Business continuity planning

News: March 2012

Business continuity planning

Most business owners and managers are generally too concerned with how things are going today to worry about how the business would function in the event of disaster tomorrow. Although the day-to-day operation of the firm is undoubtedly important, businesses must also focus their attention on how to manage their operations in the event of an unforeseen event. It is understandable that when disaster strikes, the regular operations of the firm will be disrupted. People may be unable to make it to work due to adverse weather, equipment can malfunction and data may be lost. In situations such as these you need to have a business continuity plan in order to make sure that the business can adapt quickly to the situation and continue to function.

The terms “disaster recovery” and “business continuity planning” are sometimes used interchangeably because their functions often overlap. When a disaster strikes, you need to have a business continuity plan to help you move forward. There are many simultaneous activities that you need to focus on depending on the priorities of your firm. You also have to manage the people in your firm who are affected and the customers and clients whose orders and business will be disrupted.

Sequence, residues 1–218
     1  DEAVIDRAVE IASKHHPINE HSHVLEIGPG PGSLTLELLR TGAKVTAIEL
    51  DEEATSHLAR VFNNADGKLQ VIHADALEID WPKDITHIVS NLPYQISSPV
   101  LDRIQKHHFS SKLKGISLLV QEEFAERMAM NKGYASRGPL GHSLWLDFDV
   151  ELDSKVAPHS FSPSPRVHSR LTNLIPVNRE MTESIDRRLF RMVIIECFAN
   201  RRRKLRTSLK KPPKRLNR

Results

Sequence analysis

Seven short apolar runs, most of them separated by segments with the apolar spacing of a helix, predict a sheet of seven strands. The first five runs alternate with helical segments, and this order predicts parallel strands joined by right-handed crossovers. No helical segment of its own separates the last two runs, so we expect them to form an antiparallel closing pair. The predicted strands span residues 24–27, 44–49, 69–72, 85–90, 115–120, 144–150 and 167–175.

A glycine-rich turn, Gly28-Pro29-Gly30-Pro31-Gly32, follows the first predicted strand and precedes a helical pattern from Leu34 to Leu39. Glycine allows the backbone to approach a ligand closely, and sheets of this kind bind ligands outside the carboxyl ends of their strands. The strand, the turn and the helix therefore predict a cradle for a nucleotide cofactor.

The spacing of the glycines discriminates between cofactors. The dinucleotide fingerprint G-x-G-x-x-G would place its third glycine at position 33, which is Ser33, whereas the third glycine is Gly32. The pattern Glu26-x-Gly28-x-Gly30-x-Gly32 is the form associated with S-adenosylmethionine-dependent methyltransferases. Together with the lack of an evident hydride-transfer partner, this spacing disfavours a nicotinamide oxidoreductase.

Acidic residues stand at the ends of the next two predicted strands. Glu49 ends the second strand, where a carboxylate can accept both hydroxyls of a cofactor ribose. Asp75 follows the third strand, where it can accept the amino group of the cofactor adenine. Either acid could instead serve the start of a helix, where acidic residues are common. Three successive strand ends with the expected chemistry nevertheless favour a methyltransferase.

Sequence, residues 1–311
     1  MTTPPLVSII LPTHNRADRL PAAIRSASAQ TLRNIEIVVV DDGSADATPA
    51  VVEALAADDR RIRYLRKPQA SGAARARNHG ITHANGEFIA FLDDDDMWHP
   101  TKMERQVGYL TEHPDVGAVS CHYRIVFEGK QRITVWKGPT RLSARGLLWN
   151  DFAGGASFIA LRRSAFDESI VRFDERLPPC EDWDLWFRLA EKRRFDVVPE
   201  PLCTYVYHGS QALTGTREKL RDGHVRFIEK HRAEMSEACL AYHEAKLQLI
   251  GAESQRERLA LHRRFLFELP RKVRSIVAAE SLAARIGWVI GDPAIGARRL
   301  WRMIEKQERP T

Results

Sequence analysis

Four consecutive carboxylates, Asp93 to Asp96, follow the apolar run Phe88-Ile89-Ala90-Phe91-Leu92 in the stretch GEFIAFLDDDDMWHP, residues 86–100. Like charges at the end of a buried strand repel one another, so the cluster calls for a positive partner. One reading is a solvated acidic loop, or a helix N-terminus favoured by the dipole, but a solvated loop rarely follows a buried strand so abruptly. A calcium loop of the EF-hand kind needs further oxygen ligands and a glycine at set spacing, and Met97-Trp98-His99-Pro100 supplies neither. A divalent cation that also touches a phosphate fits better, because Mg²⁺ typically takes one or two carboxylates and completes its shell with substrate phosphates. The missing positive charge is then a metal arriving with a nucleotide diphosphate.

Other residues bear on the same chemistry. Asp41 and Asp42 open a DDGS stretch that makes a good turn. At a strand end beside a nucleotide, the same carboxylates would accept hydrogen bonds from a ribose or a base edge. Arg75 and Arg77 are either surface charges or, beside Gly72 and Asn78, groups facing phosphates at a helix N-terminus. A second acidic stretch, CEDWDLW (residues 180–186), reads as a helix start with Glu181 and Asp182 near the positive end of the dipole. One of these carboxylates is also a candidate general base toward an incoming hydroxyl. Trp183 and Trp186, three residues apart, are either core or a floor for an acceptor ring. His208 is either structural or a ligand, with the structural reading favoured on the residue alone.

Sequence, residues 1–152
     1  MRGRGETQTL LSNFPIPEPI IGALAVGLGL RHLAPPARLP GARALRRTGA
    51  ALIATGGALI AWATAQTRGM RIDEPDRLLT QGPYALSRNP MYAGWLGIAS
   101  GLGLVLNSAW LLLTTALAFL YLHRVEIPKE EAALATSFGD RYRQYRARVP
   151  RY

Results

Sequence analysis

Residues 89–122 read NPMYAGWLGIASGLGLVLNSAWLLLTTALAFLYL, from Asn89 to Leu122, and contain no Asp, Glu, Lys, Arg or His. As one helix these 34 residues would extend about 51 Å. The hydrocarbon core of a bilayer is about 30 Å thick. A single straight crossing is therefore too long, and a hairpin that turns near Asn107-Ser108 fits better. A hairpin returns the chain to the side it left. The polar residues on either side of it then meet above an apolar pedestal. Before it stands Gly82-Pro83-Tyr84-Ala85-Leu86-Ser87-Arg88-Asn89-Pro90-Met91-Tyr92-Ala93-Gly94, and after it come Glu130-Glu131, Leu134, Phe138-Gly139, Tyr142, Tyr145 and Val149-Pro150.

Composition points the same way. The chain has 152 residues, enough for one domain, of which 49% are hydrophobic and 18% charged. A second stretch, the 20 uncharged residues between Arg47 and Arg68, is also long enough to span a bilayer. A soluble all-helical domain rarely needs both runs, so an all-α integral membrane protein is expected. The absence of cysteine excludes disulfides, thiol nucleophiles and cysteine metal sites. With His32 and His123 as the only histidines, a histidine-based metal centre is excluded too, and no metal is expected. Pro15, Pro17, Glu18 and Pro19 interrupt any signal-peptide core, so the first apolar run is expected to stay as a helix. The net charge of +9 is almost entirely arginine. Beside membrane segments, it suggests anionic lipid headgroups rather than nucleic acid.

You can’t afford to wait until a disaster happens before you develop a plan. You may do your planning internally with your managers or you can hire an outside consultant specialising in business continuity planning. The first item on the list should be to designate the people who will assume leadership in the event of a catastrophe. When there is a designated leader, it becomes easier to implement your plans because someone is taking charge. The second most important item should be to evaluate the company’s processes, in order to determine those which should be prioritised for restoration of business activities. This will minimise the effects of such disruption on the systems and on the company’s staff and clients. The next priority will most likely be to determine backup recovery on systems and storage.

In order to ensure that your business continuity plan is ready to roll out in the event of a disaster, it is essential to have a practice run at least once a year, just like a fire drill. Involve your employees, staff and management so that everyone will become familiar with the routine.